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Workplace drug-testing rules vary from state to state
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Employers conduct drug tests to screen out potential new hires who use illicit drugs and to deter current staff from abusing drugs and creating safety risks in the workplace. So what should employers do when a job applicant or current employee fails a drug test?
The answer may depend on the industry, state law and company policy, said Dale Deitchler, an attorney with Littler in Minneapolis.
Some industries, safety-sensitive jobs and federal contractors must comply with federal drug-testing rules that dictate the steps employers must take after an employee fails a drug screen. However, for the most part, private employers will need to turn to state law. Employers have to be aware of the specific drug-testing laws in each state where they operate because these laws vary widely, said Tae Phillips, an attorney with Ogletree Deakins in Birmingham, Ala.
For example, he said, there may be restrictions on what types of tests can be administered—such as pre-employment, random or reasonable suspicion tests—and what specimens can be tested, such as hair, saliva or urine.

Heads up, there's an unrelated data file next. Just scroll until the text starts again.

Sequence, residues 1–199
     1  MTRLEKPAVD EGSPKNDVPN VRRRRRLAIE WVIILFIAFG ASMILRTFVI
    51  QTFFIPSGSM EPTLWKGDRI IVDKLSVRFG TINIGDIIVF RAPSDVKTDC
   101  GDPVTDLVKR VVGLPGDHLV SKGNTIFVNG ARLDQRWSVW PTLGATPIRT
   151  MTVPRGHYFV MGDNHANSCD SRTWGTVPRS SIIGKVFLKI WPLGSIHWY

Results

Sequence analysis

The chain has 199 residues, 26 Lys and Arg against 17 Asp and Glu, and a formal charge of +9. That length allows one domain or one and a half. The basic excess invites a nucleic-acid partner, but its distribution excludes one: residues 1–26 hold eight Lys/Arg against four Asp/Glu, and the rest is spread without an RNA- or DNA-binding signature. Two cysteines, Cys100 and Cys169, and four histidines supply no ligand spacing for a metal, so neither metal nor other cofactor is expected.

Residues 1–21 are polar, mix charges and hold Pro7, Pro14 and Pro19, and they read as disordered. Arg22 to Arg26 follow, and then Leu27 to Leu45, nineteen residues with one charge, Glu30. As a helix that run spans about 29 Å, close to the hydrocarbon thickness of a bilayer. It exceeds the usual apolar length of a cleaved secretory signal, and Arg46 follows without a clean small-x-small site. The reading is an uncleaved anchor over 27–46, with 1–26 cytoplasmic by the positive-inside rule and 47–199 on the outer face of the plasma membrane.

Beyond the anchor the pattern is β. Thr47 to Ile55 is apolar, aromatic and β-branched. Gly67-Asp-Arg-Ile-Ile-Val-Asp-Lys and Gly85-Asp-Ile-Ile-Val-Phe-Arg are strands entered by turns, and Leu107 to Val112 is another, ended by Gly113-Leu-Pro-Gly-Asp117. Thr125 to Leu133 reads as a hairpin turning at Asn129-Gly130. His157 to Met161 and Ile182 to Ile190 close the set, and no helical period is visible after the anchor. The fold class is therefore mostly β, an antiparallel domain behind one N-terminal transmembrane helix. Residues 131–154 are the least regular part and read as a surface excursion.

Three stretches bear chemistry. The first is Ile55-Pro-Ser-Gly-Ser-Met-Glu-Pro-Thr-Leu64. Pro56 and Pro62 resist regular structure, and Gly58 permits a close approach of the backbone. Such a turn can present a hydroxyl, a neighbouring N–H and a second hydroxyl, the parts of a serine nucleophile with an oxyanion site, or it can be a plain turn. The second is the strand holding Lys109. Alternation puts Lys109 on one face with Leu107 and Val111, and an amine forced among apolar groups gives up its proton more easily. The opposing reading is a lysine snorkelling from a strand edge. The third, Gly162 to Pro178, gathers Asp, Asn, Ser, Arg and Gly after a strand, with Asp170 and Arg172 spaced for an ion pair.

[SHRM members-only HR Q&A: What laws should companies be aware of when implementing a drug testing program?]
Steps to Take
There are also state-law differences regarding the steps employees must take when someone fails a drug test. Pre-employment screening can be more straightforward than screening for existing staff, Phillips said. If an employer makes a job offer contingent on passing a drug test, the offer can generally be rescinded if the applicant tests positive.
There may be more steps employers must follow for current employees. For example, in Vermont and Minnesota, an employer can't fire someone for the first failed drug test if the employee agrees to complete a rehabilitation program.
Some states also have rigid notice requirements, Deitchler said. Employers may be required to communicate the positive results within a certain time and provide the applicant or employee with time to contest the results and to take a confirmatory retest.
Whether the failed drug test was administered pre-employment, post-incident or otherwise, employers should take a step back and think through the situation before taking any adverse action, Phillips said.
"You want to be consistent with how you've handled positive results in the past," he said. If an employer fired all the men who tested positive for cocaine, but not the women, that inconsistency could create legal problems.
Furthermore, particularly when it comes to medical marijuana and prescription drug use, employers will want to consider any obligations under the Americans with Disabilities Act or state disability laws.
Medical Marijuana Laws
Marijuana use presents its own set of challenges because, even though using it is still illegal under federal law, 29 states allow it for at least medicinal purposes. Some state laws provide employment protections, some explicitly don't, and others are silent on the issue.